Developing Future Leaders

Six Principles for Training the Next Generation of Church Leaders

by Scott Thomas


Every church needs leaders. But new leaders don't just magically appear. They must be identified and developed. We must strategically train them according to Scripture.

Paul told Timothy, "And the things you have heard me say in the presence of many witnesses entrust to reliable people who will also be qualified to teach others" (2 Tim. 2:2). Paul wanted to ensure future followers of Jesus would be spiritually vibrant and scripturally faithful. We should have a similar desire. Here are six principles for building up the kind of leaders that will champion the faith well into the future.

1. Nurture Their Inner Lives

We train leaders by focusing on the things that don't change: teach them how to commune with Christ, how to love his mission and his church. Methods vary. But future leaders will always need an authentic and deep faith to sustain them through the journey of ministering the gospel in a rapidly changing culture. Paul expressed his relationship with Timothy as a beloved child (2 Tim. 1:2; 2:2). We should adopt the same caring attitude toward the leaders we train, equipping our spiritual children with parental love for their spiritual wellbeing.

2. Focus on Their Transformative Potential

Jesus took a risk on all 12 of the disciples, including the leader, Peter. When Barnabas chose Paul, a former persecutor of the church, it was a huge risk. In both cases, the risk was based on the transforming power of the gospel. A pastor took a risk on me. When I was 19 years old, he let me preach my first sermon. I still have a copy of that sermon. It was an exegetical nightmare! But he didn't focus on my current skills, or lack of them. He saw in me the leader I could become.

3. Let Them Lead (and Fail) and Lead Again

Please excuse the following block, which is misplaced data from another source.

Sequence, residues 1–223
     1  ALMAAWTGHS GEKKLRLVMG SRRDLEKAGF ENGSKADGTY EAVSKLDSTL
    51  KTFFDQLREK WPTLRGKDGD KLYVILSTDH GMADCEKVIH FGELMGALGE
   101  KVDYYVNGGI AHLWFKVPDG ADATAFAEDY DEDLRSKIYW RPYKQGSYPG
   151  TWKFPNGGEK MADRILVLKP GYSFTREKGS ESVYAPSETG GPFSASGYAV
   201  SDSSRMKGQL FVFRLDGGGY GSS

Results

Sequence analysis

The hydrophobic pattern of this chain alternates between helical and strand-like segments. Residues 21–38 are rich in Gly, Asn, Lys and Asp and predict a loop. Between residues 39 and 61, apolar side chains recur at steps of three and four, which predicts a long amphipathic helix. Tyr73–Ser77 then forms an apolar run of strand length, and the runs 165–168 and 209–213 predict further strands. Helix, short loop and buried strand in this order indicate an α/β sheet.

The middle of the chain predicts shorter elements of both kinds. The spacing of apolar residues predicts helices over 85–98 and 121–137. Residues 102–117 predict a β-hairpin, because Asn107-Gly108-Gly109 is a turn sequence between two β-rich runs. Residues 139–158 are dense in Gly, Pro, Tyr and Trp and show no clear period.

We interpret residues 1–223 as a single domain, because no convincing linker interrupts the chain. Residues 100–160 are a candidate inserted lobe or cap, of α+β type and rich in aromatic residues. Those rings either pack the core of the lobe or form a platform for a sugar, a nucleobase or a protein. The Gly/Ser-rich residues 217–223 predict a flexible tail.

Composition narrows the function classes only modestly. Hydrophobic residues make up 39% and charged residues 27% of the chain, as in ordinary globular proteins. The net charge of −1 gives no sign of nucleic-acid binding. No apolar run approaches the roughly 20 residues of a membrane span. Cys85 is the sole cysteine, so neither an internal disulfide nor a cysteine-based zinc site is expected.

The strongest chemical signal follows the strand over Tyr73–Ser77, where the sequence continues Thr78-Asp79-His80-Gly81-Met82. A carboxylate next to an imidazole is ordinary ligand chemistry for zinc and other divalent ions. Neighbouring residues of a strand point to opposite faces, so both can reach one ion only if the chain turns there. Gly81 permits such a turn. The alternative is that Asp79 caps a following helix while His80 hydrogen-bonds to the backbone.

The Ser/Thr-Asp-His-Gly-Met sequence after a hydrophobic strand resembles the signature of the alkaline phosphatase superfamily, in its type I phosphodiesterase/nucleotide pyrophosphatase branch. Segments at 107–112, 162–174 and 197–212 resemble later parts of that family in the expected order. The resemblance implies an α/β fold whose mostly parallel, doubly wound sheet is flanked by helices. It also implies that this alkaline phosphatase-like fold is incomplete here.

Jesus called Peter "Satan," and then later accurately predicted Peter would deny him three times. Yet after these failures, Jesus still commissioned him to lead again by feeding and tending his sheep. After the ascension of Jesus, Peter preached at Pentecost and 3,000 people were saved.

The grace of God toward failed leaders is abundant in Scripture. It's easy to write people off because of early missteps. But those who train up leaders have eyes to see past a new leader's flaws and weaknesses.

4. Encourage Innovation and Risk Taking

We often prefer emerging leaders in our churches to be more like mules than stallions. Mules are great at carrying heavy loads over long distances. And they're not as spirited like stallions. Stallions are designed to run. They don't like being penned up in a stable. The problem with mules is that it they are almost always sterile.

Risk-averse people rarely lead radical movements of God. Don't get me wrong: we need mules. They're consistent and reliable and excellent at keeping things running smoothly. But we need stallions, too. We need those next generation leaders who will gallop into new projects and find daring, new ways to present the never changing good news of Jesus.

5. Think Long-term and Short

Every organism, including the church, has a lifecycle of birth, growth, maturity, reproduction, maintenance, decline, and death. The lifecycle of a fruit fly is only 30 days. The lifecycle for some church plants, unfortunately, isn't much longer. Churches that become too focused on the present have shorter lifecycles. Present needs should be addressed with future-oriented solutions.

Almost every goal can be accomplished in 20 years. Most people, however, are not conditioned to think that way. They're not disciplined or focused enough to persevere. Investing time in young leaders is a surefire sign that we're thinking about the future and not content with mere short-term success.

6. Model Humility

True, biblical leadership is saturated in humility. Jesus was explicit about the way his disciples were to lead: "You know that the rulers of the Gentiles lord it over them, and their great ones exercise authority over them. It shall not be so among you" (Matt. 20:25-28).

Developing future leaders demands we be humble. Often our protégés will possess greater skill and potential than we do. But if we see our role in parental terms we will joyfully serve and cheer for our spiritual offspring to surpass us in every way.


Jesus was the greatest at developing leaders. He poured the vast majority of his time into a handful of people. He taught them to be disciple-makers and trusted that future generations would hear the Good News because of their witness.

We are a part of that great plan of God, and it spans the generations. Let's tirelessly train leaders. Through God's grace and our guidance, they may witness God do more than we could ever imagine

Scott Thomas